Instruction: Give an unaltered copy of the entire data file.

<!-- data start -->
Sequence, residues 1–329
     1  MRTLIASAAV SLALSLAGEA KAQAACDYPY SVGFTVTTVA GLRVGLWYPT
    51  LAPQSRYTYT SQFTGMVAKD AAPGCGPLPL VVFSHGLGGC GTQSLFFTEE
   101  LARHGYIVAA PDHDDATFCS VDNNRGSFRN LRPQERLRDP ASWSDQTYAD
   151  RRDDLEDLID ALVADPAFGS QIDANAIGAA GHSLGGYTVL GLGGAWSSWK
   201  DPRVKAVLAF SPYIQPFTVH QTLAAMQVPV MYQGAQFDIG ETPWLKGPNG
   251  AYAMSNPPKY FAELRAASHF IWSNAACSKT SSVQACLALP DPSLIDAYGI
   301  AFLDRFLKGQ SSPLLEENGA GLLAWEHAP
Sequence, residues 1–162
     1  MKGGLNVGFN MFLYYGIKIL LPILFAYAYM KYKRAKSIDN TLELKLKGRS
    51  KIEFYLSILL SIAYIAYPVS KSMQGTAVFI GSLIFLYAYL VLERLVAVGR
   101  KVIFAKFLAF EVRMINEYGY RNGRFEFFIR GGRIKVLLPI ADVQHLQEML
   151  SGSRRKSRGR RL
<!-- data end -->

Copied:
Sequence, residues 1–329
     1  MRTLIASAAV SLALSLAGEA KAQAACDYPY SVGFTVTTVA GLRVGLWYPT
    51  LAPQSRYTYT SQFTGMVAKD AAPGCGPLPL VVFSHGLGGC GTQSLFFTEE
   101  LARHGYIVAA PDHDDATFCS VDNNRGSFRN LRPQERLRDP ASWSDQTYAD
   151  RRDDLEDLID ALVADPAFGS QIDANAIGAA GHSLGGYTVL GLGGAWSSWK
   201  DPRVKAVLAF SPYIQPFTVH QTLAAMQVPV MYQGAQFDIG ETPWLKGPNG
   251  AYAMSNPPKY FAELRAASHF IWSNAACSKT SSVQACLALP DPSLIDAYGI
   301  AFLDRFLKGQ SSPLLEENGA GLLAWEHAP
Sequence, residues 1–162
     1  MKGGLNVGFN MFLYYGIKIL LPILFAYAYM KYKRAKSIDN TLELKLKGRS
    51  KIEFYLSILL SIAYIAYPVS KSMQGTAVFI GSLIFLYAYL VLERLVAVGR
   101  KVIFAKFLAF EVRMINEYGY RNGRFEFFIR GGRIKVLLPI ADVQHLQEML
   151  SGSRRKSRGR RL